A polyglot is very open minded because with the ability of speaking more than one language he is able to conceive the truth as what it is pertaining to other nationalities, he is able to defend other nationalities anywhere because he knows and understand their language. For him to understand their language, he has access to understand the nature of the people whose language he studied. This makes him a free-man, a global citizen. He doesn’t think his country is superior over others; he is ready to learn from other nationalities and tolerate them as much as he can and that is one of the roles of language in fostering global citizenship.


Understanding other people’s language makes one to be non-judgmental. How? A comical incident happened to a friend who lives and studies in Germany. He had lived and studied in the Ukraine for 5 years before leaving for Germany. He speaks Yoruba, English, Russian, and now learning German in Germany. While he was doing some shopping in a store, a kid pointed to him speaking Russian language, “Mama, see; why is he black?” My friend chuckled and replied him, “I am just black.” The kid was surprised that he could understand what he was saying. His mom and the kid both laughed and they asked my friend where he learned Russian language. The kid also understands German language, too. After the incident, my friend was wondering if he didn’t understand what the kid said, he could have thought the kid was chanting hatred words to him, he could have thought the kid is a racist. But, after many years in the Ukraine, he understood the curiosity of children asking their parents why black men are black. Language matters for someone who considers himself a global citizen because it makes him understand people better, and able to study them. Due to the multilingual ability of my friend, he understands the world more than it is, he is not being judgmental, but instead; he replied in a comfortable funny way.


Respect is very important in our daily dealings with people.  So how can multilingual ability make someone to respect others than the rest? A polyglot has the cultural insight of a community and he knows how respect is been perceived there. How Nigerians view respect is different from how the Ukrainians or Americans view it. Although, there is a general view and perspective of respect all over the world, but each country has its own view of it, too. In Nigeria, we don’t call elders by their first name and it is very rude to do so. But, if an American comes to Nigeria or an American who understands my native language, Yoruba, he will quickly apply the same rule of respect because he knows and understands my language and of course, he is not a monolingual.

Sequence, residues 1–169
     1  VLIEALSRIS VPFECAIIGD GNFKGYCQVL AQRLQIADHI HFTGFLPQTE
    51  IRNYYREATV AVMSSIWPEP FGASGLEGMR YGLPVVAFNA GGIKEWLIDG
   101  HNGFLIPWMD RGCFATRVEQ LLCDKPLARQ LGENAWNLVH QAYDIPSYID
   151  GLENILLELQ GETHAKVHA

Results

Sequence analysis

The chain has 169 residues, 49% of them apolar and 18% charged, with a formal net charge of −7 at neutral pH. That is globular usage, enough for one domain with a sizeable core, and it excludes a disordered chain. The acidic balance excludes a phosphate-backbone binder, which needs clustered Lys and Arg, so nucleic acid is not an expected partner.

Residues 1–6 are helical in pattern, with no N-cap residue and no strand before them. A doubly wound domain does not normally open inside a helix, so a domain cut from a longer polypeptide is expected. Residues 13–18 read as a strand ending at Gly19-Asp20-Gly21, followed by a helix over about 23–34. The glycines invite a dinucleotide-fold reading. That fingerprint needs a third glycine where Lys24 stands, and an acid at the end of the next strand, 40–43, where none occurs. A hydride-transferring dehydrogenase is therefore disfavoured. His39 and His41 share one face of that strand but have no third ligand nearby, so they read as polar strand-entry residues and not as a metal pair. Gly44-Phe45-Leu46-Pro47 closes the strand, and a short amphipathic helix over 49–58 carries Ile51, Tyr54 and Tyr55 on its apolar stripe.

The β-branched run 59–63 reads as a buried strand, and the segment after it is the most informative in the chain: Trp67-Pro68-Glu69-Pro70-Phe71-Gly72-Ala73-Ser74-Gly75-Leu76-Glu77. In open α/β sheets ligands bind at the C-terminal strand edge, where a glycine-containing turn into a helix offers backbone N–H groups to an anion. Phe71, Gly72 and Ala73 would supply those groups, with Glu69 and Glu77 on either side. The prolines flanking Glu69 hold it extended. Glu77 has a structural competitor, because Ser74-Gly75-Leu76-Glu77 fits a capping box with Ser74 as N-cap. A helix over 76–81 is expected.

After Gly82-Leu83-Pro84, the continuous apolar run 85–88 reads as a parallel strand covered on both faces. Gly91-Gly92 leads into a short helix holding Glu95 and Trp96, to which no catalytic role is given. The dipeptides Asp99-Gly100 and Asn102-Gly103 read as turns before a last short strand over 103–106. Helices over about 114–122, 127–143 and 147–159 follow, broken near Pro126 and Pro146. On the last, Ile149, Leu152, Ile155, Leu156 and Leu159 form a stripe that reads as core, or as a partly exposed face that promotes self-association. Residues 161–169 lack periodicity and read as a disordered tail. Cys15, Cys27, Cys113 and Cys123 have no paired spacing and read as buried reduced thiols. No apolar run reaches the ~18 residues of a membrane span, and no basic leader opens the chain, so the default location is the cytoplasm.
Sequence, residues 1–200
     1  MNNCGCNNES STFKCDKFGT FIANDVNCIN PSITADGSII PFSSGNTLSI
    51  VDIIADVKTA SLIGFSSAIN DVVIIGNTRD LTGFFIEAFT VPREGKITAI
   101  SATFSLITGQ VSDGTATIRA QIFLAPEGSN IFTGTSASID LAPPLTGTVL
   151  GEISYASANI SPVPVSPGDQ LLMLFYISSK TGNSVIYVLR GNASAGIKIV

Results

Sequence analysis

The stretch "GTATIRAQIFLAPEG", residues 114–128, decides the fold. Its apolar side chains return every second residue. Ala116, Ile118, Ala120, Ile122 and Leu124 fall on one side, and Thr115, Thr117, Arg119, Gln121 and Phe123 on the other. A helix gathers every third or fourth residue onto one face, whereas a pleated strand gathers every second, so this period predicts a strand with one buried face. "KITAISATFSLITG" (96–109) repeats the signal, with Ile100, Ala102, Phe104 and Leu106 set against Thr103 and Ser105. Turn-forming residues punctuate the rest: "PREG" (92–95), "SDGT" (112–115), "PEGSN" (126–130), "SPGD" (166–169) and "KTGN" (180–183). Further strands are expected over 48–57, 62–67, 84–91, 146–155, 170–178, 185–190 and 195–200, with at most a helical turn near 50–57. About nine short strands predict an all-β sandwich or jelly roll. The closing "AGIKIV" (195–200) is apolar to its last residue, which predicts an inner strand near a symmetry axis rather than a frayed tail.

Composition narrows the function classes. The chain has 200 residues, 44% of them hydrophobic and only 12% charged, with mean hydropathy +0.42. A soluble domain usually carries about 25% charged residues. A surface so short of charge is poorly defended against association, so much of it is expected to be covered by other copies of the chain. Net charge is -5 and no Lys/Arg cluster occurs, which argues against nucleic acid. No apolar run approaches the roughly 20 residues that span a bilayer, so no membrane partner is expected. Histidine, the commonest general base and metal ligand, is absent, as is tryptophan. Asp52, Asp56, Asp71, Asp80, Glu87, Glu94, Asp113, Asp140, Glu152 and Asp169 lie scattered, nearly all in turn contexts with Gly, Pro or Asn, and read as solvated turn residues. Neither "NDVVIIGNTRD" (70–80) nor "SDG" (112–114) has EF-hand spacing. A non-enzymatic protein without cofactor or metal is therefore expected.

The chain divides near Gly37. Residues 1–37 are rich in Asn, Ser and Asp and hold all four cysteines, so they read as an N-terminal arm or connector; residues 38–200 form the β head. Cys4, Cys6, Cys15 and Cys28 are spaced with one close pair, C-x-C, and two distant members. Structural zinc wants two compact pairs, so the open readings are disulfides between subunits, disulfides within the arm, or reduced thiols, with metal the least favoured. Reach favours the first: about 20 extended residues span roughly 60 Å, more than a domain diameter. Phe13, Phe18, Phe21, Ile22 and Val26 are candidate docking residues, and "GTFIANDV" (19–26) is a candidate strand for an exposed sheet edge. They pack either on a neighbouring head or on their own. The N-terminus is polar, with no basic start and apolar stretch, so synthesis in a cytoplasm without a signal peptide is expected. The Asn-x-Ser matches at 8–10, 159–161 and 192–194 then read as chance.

Whatever language we speak—English, Chinese, Hindi, Swahili, or Arapaho— helps to define us personally and identify the community we belong to. But the fact that we can talk at all, the fact that we have a language, is inextricably bound up with our humanity. To be human is to use language, and to talk is to be a person. [5]

For the fact that someone acknowledges that to be able to speak a language is to be human automatically means that, one will be more compassionate to others who doesn’t speak one’s language. It’s a recognition that one must care and cater for others in spite of one’s language differences. Some monolinguals can be exceptional in this, but those who understand more than one language will appreciate and show more compassion by talking to others in the language they most cherished and loved.


The peoples of the world are one people, enriched by individual differences, united by the common bond of humanity. The diversity of the Global Community is its greatest strength; understanding and respect are its greatest gifts. [6]

As the biologist and author Lewis wrote: The gift of language is the single human trait that marks us all genetically, setting us apart from the rest of life. Language is, like nest-building or hive-making, the universal and biologically specific of human beings. We engage in it communally, compulsively, and automatically. We cannot be human without it, if we were to be separated from it our minds would die, as surely as bees lost from the hive. [7]

My journey to the Ukraine gave me more exposure and understanding to view the world better than when I was in Nigeria. Living and studying with the Ukrainians and other nationalities has given me more insights to other people’s culture and customs. My perspective of the world now is totally different; I am more tolerant, non-judgmental, open-minded, impartial, positive thinking, and more compassionate than before. With the languages I understand, I can relate with people all over the world and this is why multilingual ability is very important in global citizenship.



  1. There are more than 250 ethnic groups and there are also over 500 languages in Nigeria

  1. — Santa Monica College definition of Global Citizenship, adopted 2008

  1. Global Citizenship Perspectives: A Case Study of the WUSC International Seminar

Table Two: Qualities of a Global Citizen………………………………………………..13

  1. Languages of the World

  1. John Algeo “The Origins and Development of the English Language” p. 44
  2. Global Citizens Network’s philosophy

  1. John Algeo (Lives of a Cell 89) “The Origins and Development of the English Language “ p.44

I wrote this paper for the U.N last year, but didn’t submit it because it was required that I write it in one of U.N languages other than English.

MOAB © 2013